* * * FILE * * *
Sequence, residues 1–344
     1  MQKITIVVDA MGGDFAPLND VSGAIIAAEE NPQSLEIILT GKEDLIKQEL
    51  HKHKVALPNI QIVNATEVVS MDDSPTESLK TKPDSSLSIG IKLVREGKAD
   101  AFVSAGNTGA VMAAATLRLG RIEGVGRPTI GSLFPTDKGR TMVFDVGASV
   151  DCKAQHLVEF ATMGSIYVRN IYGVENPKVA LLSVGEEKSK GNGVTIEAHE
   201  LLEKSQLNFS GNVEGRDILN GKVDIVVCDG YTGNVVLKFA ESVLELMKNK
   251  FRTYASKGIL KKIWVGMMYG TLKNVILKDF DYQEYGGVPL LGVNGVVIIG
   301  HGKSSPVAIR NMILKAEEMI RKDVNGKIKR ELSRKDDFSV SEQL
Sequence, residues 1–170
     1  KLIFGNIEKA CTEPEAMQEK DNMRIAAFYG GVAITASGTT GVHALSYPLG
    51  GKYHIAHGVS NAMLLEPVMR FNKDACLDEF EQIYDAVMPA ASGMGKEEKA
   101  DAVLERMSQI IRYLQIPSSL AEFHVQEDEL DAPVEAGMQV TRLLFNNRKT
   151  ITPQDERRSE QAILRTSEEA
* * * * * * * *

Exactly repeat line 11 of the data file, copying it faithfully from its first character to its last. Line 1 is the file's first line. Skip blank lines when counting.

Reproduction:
    51  GKYHIAHGVS NAMLLEPVMR FNKDACLDEF EQIYDAVMPA ASGMGKEEKA